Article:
Friday, 12 December 2014

Best of Brands: Bum Creams

Of all of the perceived advantages of being a baby (frequent naps, being lovingly snuggled in to a stroller, etc), wearing a diaper isn't one of them.  Doing your, ahem, "business" in a fixed location strapped to your behind until someone else notices?  Yuck.  You do the best you can, but with shopping trips and over night, the diaper can be a scary place. I feel terrible when I find my son has a mess or has been wet too long.  Another side effect is the occasional rash due to a change in diet, moisture, teething, or a myriad of other, sometimes mysterious, reasons.

But it's not just junior that suffers when a bum cream is in order.  Someone has to buy it and smear it on there. Facing a whole shelf of pastes, gels, and ointments with various pros and cons, we decided to get to the bottom of diaper creams.  We surveyed several moms and dads, in addition to trying them ourselves, and we have a review of some of the biggest brands out there. A dozen products were put through the ringer, and today we bring you the top 4 (in no particular order); two extra thick/heavy duty and two medium-thick/spreadable.

So, how did we decide how to rank our various products?  First we asked what you looked for while perusing the baby section.  Other than effectiveness of the treatment (duh), the most common virtues people were after were the ease of application/ texture (thickness mattered a great deal), smell (or lack there of), and cost.  As expected, no consensus was reached as to the very best kind, but the reasons they chose their faves will help you decide what's best for your tiny tush. The prices listed were taken from Walmart, simply as a point of comparison.

Penaten (paste in tin 166g, $8.46)
This seems to be the classic diaper cream, and it's my husband's favourite. We received 3 as presents at our shower, so that demonstrates the trusted nature of the brand name. People describe the smell as slightly medicinal and I would add "plastic."  It goes on incredibly thick and leaves quite the residue - so, not ideal for cloth diapering. I find the film off-putting on my own hands, but it is certainly effective as a barrier and treatment.  It received far more pros than cons for baby, if mom can deal with the mess and the scent.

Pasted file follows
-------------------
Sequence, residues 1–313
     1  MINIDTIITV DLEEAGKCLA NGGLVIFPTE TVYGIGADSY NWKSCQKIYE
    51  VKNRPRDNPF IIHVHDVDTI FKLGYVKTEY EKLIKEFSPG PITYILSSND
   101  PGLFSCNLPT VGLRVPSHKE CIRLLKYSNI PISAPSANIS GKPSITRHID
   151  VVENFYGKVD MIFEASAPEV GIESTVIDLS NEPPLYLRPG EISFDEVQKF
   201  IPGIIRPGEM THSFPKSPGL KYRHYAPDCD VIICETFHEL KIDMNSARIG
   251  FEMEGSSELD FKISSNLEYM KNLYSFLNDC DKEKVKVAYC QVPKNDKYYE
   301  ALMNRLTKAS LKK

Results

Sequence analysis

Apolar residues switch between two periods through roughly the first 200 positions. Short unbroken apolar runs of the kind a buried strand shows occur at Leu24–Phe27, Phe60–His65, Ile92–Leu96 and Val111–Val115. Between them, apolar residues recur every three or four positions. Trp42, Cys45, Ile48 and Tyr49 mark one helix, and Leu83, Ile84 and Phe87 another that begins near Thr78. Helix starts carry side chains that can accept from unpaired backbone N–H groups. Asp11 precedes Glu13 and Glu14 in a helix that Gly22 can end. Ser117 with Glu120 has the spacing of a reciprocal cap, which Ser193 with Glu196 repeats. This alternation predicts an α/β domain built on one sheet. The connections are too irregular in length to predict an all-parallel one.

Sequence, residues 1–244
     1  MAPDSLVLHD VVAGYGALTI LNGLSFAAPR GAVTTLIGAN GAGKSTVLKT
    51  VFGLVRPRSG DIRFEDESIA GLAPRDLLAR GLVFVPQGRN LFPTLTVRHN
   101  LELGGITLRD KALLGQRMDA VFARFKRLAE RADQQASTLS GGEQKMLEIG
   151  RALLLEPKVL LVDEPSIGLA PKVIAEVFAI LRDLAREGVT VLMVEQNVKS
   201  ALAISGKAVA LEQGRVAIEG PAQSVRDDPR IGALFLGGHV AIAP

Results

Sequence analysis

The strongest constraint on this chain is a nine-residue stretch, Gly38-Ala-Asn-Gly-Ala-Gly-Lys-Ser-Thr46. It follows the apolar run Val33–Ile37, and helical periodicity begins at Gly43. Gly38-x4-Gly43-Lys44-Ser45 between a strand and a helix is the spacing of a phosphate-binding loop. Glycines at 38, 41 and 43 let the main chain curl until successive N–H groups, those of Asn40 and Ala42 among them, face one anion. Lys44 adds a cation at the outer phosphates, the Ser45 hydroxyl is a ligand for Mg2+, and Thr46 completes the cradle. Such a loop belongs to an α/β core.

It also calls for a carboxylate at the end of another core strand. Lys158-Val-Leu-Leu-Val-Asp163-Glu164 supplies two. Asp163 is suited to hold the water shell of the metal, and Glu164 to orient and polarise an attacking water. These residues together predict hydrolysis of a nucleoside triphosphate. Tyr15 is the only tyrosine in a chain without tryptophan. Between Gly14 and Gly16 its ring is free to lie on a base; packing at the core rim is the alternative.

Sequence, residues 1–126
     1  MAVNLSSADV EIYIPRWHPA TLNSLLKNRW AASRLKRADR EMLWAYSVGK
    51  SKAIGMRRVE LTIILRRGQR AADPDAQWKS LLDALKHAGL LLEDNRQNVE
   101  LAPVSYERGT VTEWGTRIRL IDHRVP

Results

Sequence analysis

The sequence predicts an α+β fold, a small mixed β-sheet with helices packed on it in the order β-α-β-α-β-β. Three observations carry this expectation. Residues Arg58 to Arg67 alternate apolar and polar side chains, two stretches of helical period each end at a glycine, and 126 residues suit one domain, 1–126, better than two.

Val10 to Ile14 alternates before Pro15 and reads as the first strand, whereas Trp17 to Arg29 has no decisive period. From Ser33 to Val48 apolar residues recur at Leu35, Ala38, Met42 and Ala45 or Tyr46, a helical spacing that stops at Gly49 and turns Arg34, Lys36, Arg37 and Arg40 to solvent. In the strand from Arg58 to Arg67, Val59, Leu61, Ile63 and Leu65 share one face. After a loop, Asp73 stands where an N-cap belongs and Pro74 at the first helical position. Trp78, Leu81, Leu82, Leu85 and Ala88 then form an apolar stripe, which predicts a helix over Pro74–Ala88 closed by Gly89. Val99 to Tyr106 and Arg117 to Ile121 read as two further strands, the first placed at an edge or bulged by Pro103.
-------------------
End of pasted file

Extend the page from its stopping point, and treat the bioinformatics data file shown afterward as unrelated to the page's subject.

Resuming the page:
Aveeno (cream in tube 105g, $6.97)
For babies with sensitive skin, Aveeno is often a good choice. With natural ingredients and hypo-allergenic formula, this product also ranked highly.  The cream is scent-free and very thick like Penaten.  While it seems to leave less residue, it also seems to provide less benefit than its traditional counterpart. Due to the slightly higher price tag, this product falls behind the competition.

Live Clean Baby (cream in tube 75g, $5.96)
This lesser known brand is my go-to and ranked number one with another of our moms. The smell is fresh, in the vein of clean laundry.  Very mild, but pleasant. It applies very easily, as it has a medium-thick texture, and leaves minimal residue on hands.  Because of this, I feel it is easier to spread one-handed and much easier to clean up. Our reviewer also mentioned how well this product absorbs, leaving little one's skin less sticky.

Sudocrem (cream in jar 125g, $7.47)
With international recommendations and over half our surveyed counting it among their faves, Sudocrem has a following of its own.  The smell is light and faintly sweet, not at all chemical.  It also has that medium-thick density that makes it easy to spread and tidy up after.  I find the plastic pot format a little tricky, but it travels well and stands out from the many tubes you end up accumulating. 

Other favourites included Desatin and Zincofax, both for their thickness and mild scent.  In the end, they all do the job for mild irritations and it's up to you what you like.  Obtain samples where you can, or buy a few travel sized ones before you commit.  If you choose wrong, you're not out a great deal and there's far less waste. Plus you can always refill those little jars for a more diaper bag friendly size!

If your diaper rash is not getting better, getting worse, or bleeding, seek medical attention. A professional can tell you if the problem is yeast related or due to an allergy, and offer other helpful information!

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